Friday, April 16, 2010

Does MoCo Have Any Leverage Over O’Malley or Ehrlich?

Examiner reporter Alan Suderman recently wrote an article based on an interesting question: does Bob Ehrlich’s interest in MoCo and the presence of a great number of Democratic voters for Martin O’Malley in the county give MoCo’s elected officials any leverage over the candidates? According to Suderman, some county officials think that might be the case.

And our reply is: are you kidding?

First, the county has never acted in a concerted way to pressure O’Malley. In the wake of his 2006 victory over Ehrlich, the vast majority of the county’s elected officials and Democratic activists were elated to help defeat the first GOP Governor in a generation. They regarded O’Malley as something of a golden boy. That sense interacted with the normal problems of cooperation between county leaders and the MoCo delegation, as well as divisions within each body. And as a result, every time the county has had an issue with O’Malley, he has rolled right over us.

You don’t believe us? The first time MoCo had a problem with O’Malley was during the 2007 special session, when some delegation members resisted his progressive income tax proposal. County Executive Ike Leggett even presented an alternative proposal, but he did not clear it with the delegation first. That proposal went nowhere, the delegation could not achieve a common position and O’Malley got his way. Next came the Governor’s failure to keep his promise of $55 million in school construction money for MoCo, which he made during the special session to secure our delegation’s votes for his tax and slots proposals. O’Malley allocated $46 million instead. A couple state legislators complained but there were no consequences. Then there was the 2008 millionaire tax, which O’Malley supported but some delegation members as well as Leggett opposed. The delegation split again and the tax passed. Finally, in 2008 the Governor cut transit planning funding by 7% for the Red Line, 19% for the Purple Line and 47% for the CCT. A couple of County Council Members squawked but the delegation was silent. Even Action Committee for Transit said nothing.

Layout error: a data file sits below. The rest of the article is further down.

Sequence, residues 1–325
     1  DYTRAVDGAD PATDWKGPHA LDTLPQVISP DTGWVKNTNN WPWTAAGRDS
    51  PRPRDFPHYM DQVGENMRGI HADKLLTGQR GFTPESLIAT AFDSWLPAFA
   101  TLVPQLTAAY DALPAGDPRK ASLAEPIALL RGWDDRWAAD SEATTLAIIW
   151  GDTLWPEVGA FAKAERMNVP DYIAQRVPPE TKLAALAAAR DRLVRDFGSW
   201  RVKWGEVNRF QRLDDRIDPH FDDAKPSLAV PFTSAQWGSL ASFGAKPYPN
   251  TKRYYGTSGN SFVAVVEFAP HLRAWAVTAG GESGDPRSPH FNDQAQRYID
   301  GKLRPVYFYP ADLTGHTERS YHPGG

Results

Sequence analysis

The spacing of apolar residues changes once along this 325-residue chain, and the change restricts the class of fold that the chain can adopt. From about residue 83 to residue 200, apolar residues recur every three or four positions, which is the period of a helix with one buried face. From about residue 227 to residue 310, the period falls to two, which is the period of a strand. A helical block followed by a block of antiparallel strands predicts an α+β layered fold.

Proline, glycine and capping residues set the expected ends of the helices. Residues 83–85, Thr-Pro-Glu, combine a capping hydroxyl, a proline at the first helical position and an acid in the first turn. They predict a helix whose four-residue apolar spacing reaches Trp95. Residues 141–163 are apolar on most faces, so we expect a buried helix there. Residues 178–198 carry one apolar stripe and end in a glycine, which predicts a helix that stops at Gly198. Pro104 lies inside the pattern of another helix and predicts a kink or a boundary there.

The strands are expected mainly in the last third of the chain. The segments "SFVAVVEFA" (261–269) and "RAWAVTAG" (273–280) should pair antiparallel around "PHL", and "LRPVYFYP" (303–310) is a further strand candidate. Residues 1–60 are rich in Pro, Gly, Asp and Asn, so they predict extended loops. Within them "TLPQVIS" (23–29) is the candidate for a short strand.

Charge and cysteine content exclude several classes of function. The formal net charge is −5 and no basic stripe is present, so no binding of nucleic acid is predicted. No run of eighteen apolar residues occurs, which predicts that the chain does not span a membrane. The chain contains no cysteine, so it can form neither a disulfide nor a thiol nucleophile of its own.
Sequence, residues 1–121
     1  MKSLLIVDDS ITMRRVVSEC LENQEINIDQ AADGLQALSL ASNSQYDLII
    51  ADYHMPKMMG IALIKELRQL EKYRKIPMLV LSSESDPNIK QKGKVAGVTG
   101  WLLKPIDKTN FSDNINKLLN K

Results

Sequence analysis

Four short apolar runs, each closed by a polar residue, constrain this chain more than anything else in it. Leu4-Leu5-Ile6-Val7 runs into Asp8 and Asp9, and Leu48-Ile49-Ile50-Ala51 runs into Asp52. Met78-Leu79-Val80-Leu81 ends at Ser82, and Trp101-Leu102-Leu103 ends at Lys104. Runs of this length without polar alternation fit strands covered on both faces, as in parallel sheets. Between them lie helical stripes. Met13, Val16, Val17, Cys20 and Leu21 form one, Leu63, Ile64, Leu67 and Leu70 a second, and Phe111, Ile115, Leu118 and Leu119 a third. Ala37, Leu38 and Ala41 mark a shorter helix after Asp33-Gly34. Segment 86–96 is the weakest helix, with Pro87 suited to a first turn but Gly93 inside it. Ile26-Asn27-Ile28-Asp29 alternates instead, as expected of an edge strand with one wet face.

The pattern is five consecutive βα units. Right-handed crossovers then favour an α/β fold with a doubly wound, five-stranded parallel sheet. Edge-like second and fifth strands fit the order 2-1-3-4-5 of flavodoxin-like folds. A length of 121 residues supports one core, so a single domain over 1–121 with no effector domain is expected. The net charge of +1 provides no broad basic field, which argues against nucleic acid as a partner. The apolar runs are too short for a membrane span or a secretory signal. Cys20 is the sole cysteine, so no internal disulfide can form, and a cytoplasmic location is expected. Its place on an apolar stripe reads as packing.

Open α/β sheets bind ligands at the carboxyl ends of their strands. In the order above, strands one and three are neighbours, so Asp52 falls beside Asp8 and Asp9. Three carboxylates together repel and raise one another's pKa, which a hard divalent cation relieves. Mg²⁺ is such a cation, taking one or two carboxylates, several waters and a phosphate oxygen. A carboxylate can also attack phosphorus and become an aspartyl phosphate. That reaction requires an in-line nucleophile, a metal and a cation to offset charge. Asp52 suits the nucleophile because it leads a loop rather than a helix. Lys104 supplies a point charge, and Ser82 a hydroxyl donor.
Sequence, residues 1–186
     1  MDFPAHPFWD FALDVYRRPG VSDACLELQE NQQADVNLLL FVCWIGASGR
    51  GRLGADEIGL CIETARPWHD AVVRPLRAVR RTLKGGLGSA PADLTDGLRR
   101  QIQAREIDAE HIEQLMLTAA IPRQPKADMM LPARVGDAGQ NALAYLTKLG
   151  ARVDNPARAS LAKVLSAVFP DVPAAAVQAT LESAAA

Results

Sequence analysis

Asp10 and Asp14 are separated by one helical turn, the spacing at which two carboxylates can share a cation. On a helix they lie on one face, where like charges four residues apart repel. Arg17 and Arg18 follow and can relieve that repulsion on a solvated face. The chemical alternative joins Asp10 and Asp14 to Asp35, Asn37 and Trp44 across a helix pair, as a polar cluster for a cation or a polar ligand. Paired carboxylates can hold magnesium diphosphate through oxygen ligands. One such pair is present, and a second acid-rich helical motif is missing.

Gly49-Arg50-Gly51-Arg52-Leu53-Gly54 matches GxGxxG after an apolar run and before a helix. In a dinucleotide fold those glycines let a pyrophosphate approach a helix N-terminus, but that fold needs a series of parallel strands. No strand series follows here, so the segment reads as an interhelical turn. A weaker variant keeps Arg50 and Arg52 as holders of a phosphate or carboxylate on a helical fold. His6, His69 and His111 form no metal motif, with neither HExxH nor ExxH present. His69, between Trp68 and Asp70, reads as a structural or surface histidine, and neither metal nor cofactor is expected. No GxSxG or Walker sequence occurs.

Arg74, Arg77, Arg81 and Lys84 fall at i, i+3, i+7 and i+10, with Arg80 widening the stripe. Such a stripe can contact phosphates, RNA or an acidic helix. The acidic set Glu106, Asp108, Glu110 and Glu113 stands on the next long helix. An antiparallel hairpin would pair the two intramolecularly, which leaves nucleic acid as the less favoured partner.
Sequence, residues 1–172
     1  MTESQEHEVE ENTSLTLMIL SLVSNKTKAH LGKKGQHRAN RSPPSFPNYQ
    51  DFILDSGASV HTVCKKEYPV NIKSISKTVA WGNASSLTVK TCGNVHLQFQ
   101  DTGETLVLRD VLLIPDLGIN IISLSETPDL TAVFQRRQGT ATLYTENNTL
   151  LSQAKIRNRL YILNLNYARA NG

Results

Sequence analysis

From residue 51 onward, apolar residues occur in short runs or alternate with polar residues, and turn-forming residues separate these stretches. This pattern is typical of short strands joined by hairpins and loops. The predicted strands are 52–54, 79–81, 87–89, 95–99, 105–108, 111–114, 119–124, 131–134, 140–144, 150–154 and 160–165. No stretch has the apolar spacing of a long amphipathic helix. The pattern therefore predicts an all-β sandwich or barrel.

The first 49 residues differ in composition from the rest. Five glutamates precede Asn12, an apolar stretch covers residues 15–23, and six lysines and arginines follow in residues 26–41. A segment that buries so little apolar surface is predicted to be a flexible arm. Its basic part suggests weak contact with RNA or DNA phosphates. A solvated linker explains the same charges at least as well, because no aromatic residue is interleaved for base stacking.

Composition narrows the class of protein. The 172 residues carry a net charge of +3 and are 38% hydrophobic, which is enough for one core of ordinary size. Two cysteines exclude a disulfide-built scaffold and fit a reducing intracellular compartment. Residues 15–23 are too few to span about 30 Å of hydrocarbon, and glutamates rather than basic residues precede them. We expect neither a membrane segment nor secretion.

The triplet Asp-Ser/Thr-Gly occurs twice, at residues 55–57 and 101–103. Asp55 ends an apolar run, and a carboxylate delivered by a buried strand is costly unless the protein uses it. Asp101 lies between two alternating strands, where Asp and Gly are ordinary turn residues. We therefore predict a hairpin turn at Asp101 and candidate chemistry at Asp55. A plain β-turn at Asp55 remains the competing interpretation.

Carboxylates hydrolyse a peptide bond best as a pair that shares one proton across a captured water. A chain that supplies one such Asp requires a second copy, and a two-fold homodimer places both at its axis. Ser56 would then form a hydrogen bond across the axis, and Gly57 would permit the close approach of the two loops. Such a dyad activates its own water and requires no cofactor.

If Bob Ehrlich had cut school construction or Purple Line money, our elected officials would have gone banana-cakes. But since they are all good Democrats and O’Malley is the current Dem-in-Chief, they are willing to overlook these things and make nice with the boss. In fact, every one of them except Council Member Phil Andrews and Delegate Ana Sol Gutierrez (D-18) fell all over themselves to endorse O’Malley last September – long before he released his final budget proposal of the term. That is not a way to build leverage. Rather, it is a way to get the Governor to pat you on the head and say, “Good boy!”

As for Ehrlich, he is focused on the 122,000 Republicans and 110,000 unaffiliated voters who live in MoCo. Both groups are ignored by the vast majority of county elected officials because they do not vote in Democratic primaries, which decide virtually all elections here. But they helped put the 2008 Ficker Amendment over the top and will be fertile ground for Ehrlich’s anti-tax message. Most critically, Ehrlich will not have to go through any local politicians to get to them.

One more item is worth noting in any discussion of leverage: money. Over the last ten years, O’Malley has raised $2.6 million in MoCo, 13% of his total take. Ehrlich has raised $2.7 million in MoCo over the same period, which was 9% of his total take. Both candidates can swoop in and raise hundreds of thousands more from MoCo residents without relying on any local electeds as gatekeepers. In fact, local Democratic politicians love to have O’Malley attend their fundraisers because it helps them raise cash. Who’s holding the stick in that relationship?

If county leaders want to have any leverage over any Governor, they need to hang together and play hardball regardless of the Governor’s party affiliation. Otherwise, a big bowl of poodle treats is waiting for them in Annapolis.